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Volume 7, issue 10
Biogeosciences, 7, 3301–3310, 2010
https://doi.org/10.5194/bg-7-3301-2010
© Author(s) 2010. This work is distributed under
the Creative Commons Attribution 3.0 License.
Biogeosciences, 7, 3301–3310, 2010
https://doi.org/10.5194/bg-7-3301-2010
© Author(s) 2010. This work is distributed under
the Creative Commons Attribution 3.0 License.

  27 Oct 2010

27 Oct 2010

Nitrous oxide emission from highland winter wheat field after long-term fertilization

X. R. Wei1,2, M. D. Hao1,2, X. H. Xue2, P. Shi1, R. Horton3, A. Wang1, and Y. F. Zang1 X. R. Wei et al.
  • 1Institute of Soil and Water Conservation, Northwest Sci-Tech. University of Agriculture & Forestry, Yangling, Shaanxi Province, China
  • 2State Key Laboratory of Soil Erosion and Dryland Farming on the Loess Plateau, Institute of Soil and Water Conservation, CAS and MWR, Yangling, Shaanxi Province, China
  • 3Department of Agronomy, Iowa State University, Ames, Iowa, USA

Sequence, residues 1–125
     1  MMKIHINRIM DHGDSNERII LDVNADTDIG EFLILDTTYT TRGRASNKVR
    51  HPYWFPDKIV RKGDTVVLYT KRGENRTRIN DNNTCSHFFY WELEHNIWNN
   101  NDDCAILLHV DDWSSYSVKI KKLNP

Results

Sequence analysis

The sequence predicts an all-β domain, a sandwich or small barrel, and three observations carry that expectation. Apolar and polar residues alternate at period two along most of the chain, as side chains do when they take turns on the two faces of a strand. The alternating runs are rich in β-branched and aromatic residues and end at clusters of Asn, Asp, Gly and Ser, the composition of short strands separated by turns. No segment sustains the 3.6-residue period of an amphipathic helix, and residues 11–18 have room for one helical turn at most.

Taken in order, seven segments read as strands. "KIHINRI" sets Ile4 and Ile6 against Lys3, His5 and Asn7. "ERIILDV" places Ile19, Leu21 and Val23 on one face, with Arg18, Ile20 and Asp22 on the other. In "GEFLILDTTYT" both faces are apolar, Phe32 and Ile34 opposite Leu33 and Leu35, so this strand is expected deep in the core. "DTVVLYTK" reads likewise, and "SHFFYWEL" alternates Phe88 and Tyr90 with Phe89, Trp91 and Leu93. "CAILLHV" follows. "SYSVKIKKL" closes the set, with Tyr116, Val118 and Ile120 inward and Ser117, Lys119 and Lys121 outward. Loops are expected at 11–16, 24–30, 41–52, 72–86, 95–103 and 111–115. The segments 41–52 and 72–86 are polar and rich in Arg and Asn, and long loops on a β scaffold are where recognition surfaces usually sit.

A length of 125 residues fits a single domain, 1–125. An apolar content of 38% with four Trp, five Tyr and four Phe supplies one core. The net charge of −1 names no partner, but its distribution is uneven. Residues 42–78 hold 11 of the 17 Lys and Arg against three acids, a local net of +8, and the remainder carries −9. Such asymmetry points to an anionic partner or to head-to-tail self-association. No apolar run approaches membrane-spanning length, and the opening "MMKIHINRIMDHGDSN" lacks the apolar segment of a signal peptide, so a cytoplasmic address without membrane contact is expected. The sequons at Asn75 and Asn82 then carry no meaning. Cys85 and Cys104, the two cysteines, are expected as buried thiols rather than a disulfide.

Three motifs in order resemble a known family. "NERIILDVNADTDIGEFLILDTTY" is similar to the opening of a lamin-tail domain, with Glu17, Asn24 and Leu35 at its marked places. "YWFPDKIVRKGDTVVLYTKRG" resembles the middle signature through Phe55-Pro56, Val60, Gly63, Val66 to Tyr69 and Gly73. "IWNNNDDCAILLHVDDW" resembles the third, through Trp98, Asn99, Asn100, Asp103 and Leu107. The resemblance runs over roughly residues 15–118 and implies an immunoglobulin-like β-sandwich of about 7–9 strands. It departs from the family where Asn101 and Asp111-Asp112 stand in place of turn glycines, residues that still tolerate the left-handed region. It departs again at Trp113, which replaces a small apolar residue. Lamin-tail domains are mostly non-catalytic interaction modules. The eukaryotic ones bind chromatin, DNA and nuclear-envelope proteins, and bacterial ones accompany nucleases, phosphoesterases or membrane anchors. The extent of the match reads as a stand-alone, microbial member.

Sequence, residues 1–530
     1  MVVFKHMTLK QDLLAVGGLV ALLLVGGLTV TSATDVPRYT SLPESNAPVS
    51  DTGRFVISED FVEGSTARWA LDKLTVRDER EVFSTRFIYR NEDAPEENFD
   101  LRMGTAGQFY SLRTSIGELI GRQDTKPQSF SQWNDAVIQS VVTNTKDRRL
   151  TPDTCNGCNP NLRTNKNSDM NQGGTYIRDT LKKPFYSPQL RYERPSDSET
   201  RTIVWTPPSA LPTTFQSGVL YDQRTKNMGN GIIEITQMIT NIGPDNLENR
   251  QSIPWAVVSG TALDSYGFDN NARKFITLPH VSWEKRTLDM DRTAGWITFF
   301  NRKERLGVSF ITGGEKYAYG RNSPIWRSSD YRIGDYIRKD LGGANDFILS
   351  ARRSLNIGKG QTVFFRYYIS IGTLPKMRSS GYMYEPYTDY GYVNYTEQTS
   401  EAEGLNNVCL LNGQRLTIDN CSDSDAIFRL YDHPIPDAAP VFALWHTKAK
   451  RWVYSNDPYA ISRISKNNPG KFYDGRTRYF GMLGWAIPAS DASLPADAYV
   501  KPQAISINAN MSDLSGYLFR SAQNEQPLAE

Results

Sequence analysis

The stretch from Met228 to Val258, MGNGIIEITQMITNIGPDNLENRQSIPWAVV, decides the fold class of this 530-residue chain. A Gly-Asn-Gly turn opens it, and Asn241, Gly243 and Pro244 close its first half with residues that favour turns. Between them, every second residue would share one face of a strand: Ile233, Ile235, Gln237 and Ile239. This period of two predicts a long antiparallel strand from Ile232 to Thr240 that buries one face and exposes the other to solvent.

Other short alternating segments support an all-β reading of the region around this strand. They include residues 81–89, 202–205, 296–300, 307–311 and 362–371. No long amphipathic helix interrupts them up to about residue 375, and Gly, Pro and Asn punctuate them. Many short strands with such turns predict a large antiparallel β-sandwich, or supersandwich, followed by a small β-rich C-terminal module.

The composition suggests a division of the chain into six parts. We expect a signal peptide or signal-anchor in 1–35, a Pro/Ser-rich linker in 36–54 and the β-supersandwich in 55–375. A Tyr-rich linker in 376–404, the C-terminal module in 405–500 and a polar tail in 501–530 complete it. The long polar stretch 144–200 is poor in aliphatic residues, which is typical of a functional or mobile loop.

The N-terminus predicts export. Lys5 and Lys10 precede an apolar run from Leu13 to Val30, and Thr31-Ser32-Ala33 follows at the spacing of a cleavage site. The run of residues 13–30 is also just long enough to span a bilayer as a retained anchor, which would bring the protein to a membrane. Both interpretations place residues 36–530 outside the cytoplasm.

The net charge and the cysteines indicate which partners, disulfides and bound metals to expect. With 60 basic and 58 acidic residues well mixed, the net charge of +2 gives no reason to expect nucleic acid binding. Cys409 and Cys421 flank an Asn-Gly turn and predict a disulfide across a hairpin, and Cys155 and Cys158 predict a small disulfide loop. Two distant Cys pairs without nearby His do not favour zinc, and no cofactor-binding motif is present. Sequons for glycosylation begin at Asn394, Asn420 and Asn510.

Abstract. Nitrous oxide (N2O) is an important greenhouse gas. N2O emissions from soils vary with fertilization and cropping practices. The response of N2O emission to fertilization of agricultural soils plays an important role in global N2O emission. The objective of this study was to assess the seasonal pattern of N2O fluxes and the annual N2O emissions from a rain-fed winter wheat (Triticum aestivum L.) field in the Loess Plateau of China. A static flux chamber method was used to measure soil N2O fluxes from 2006 to 2008. The study included 5 treatments with 3 replications in a randomized complete block design. Prior to initiating N2O measurements the treatments had received the same fertilization for 22 years. The fertilizer treatments were unfertilized control (CK), manure (M), nitrogen (N), nitrogen + phosphorus (NP), and nitrogen + phosphorus + manure (NPM). Soil N2O fluxes in the highland winter wheat field were highly variable temporally and thus were fertilization dependent. The highest fluxes occurred in the warmer and wetter seasons. Relative to CK, m slightly increased N2O flux while N, NP and NPM treatments significantly increased N2O fluxes. The fertilizer induced increase in N2O flux occurred mainly in the first 30 days after fertilization. The increases were smaller in the relatively warm and dry year than in the cold and wet year. Combining phosphorous and/or manure with mineral N fertilizer partly offset the nitrogen fertilizer induced increase in N2O flux. N2O fluxes at the seedling stage were mainly controlled by nitrogen fertilization, while fluxes at other plant growth stages were influenced by plant and environmental conditions. The cumulative N2O emissions were always higher in the fertilized treatments than in the non-fertilized treatment (CK). Mineral and manure nitrogen fertilizer enhanced N2O emissions in wetter years compared to dryer years. Phosphorous fertilizer offset 0.50 and 1.26 kg N2O-N ha−1 increases, while manure + phosphorous offset 0.43 and 1.04 kg N2O-N ha−1 increases by N fertilizer for the two observation years. Our results suggested that the contribution of single N fertilizer on N2O emission was larger than that of NP and NPM and that manure and phosphorous had important roles in offsetting mineral N fertilizer induced N2O emissions. Relative to agricultural production and N2O emission, manure fertilization (M) should be recommended while single N fertilization (N) should be avoided for the highland winter wheat due to the higher biomass and grain yield and lower N2O flux and annual emission in m than in N.

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